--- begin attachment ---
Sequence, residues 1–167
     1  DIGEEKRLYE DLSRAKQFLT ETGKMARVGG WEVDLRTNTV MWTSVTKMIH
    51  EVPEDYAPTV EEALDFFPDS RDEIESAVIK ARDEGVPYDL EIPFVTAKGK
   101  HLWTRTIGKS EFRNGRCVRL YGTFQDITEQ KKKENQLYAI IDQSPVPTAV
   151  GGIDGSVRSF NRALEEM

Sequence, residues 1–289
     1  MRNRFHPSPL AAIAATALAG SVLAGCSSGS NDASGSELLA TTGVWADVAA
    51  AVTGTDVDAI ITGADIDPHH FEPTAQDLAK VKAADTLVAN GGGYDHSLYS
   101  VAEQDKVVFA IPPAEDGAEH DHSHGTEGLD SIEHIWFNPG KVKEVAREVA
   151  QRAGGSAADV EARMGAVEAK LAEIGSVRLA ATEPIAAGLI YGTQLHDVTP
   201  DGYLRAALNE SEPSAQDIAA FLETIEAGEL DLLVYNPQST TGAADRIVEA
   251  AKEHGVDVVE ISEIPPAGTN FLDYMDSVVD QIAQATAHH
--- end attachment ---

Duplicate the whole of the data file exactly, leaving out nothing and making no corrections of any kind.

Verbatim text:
Sequence, residues 1–167
     1  DIGEEKRLYE DLSRAKQFLT ETGKMARVGG WEVDLRTNTV MWTSVTKMIH
    51  EVPEDYAPTV EEALDFFPDS RDEIESAVIK ARDEGVPYDL EIPFVTAKGK
   101  HLWTRTIGKS EFRNGRCVRL YGTFQDITEQ KKKENQLYAI IDQSPVPTAV
   151  GGIDGSVRSF NRALEEM

Sequence, residues 1–289
     1  MRNRFHPSPL AAIAATALAG SVLAGCSSGS NDASGSELLA TTGVWADVAA
    51  AVTGTDVDAI ITGADIDPHH FEPTAQDLAK VKAADTLVAN GGGYDHSLYS
   101  VAEQDKVVFA IPPAEDGAEH DHSHGTEGLD SIEHIWFNPG KVKEVAREVA
   151  QRAGGSAADV EARMGAVEAK LAEIGSVRLA ATEPIAAGLI YGTQLHDVTP
   201  DGYLRAALNE SEPSAQDIAA FLETIEAGEL DLLVYNPQST TGAADRIVEA
   251  AKEHGVDVVE ISEIPPAGTN FLDYMDSVVD QIAQATAHH